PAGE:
sightseeing, self-fulfillment, escape/relaxation, destination uniqueness, and adventure. Business development was a unique motivation factor in this study context. Chinese cultural values underlying tourists’ visits to Israel comprised three categories: life enrichment and quality, traditional personal values, and modern personal values. Canonical correlation analysis revealed that all motivations except
destination uniqueness were correlated with the three cultural values; specifically, business development and self-fulfillment were more
associated with modern personal values, while sightseeing was correlated to life enrichment and quality. This study provides empirical evidence on the relationships between cultural values and travel motivations in a Chinese context. Practical
implications are discussed. While pandemic prevention and control are becoming more common, it is necessary to consider travelers’ psychology, expectations, and behavior to ensure efficient recovery of the tourism market. This series of articles provides an analytical perspective on potential facilitators and inhibitors of post-pandemic tourism. The authors’ suggestions can also promote tourism recovery and development in highly volatile regions.
Professor Songshan (Sam) Huang is a research professor and doctoral supervisor in the school of business and law, Edith Cowan University. Professor Huang is a prolific author in the field of international tourism. He has published more than 70 articles in international
academic journals, three monographs, and numerous conference papers and book chapters. About 75% of his articles are published in high-level SSCI journals. Professor Huang is a co-founding member of the International Association for China Tourism Studies, the founder of the Australia-China tourism forum and the Australia-China Tourism Research Collaboration Center. He is a member of several international journals review committees and a reviewer of major international tourism journals. Dr Jun Wen is a lecturer in tourism and services marketing in the School of Business and Law at Edith Cowan University, Australia. His current research interests lie in Chinese outbound tourism marketing, behaviors, and other related aspects.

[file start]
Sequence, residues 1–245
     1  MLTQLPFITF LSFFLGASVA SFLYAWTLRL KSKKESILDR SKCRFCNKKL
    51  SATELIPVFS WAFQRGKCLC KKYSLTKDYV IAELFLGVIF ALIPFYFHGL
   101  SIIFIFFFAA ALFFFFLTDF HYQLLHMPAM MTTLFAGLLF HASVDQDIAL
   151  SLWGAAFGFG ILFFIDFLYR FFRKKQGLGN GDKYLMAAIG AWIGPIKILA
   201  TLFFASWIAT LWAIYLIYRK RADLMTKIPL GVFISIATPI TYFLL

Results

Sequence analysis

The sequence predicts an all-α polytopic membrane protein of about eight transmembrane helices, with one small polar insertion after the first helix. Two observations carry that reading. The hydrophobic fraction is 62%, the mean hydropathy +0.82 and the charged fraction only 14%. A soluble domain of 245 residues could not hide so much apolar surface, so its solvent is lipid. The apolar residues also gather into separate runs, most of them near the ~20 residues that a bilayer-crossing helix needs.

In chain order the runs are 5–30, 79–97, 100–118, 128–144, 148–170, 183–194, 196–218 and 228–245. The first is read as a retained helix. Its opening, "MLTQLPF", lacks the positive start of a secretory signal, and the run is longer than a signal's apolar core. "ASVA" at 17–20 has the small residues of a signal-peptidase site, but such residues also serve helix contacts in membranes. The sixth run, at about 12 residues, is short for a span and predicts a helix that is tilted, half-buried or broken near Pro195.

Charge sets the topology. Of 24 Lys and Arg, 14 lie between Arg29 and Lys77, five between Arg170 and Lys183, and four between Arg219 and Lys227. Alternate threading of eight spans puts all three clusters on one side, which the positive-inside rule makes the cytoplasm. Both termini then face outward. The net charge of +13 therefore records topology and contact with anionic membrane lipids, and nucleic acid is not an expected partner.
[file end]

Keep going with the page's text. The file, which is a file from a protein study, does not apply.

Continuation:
Dr Tianyu Ying is currently the head of the department of tourism and hotel management, Zhejiang University. Since 2006, Dr. Ying has
been engaged in research on tourist behavior, destination marketing, and sustainable tourism development and management. He has published papers in leading international tourism academic journals, including Tourism Management, Journal of Travel Research, and Journal of Sustainable Tourism. Over the past decade, Dr. Ying has led or participated in research and consulting projects related to tourism in the United States, China, New Zealand, the Netherlands, and Argentina. Xinyi Liu is currently a master’s student in the School of Tourism at Sichuan University, China. Her current research interests lie in Chinese tourist behavior and outbound tourism
Wen, J., & Huang, S. (2019). Chinese tourists visiting volatile destinations: Integrating cultural values into motivation-based segmentation.
Journal of China Tourism Research, 15(4), 520-540. https://doi.org/10.1080/19388160.2019.1589610
Wen, J., & Huang, S. (2020). Chinese tourists’ motivations of visiting a highly volatile destination: a means-end approach. Tourism
Recreation Research, 45(1), 80-93. https://doi.org/10.1080/02508281.2019.1637078
Wen, J., Huang, S. S., & Ying, T. (2019). Relationships between Chinese cultural values and tourist motivations: A study of Chinese tourists visiting Israel. Journal of Destination Marketing & Management, 14, 100367. https://doi.org/10.1016/j.jdmm.2019.100367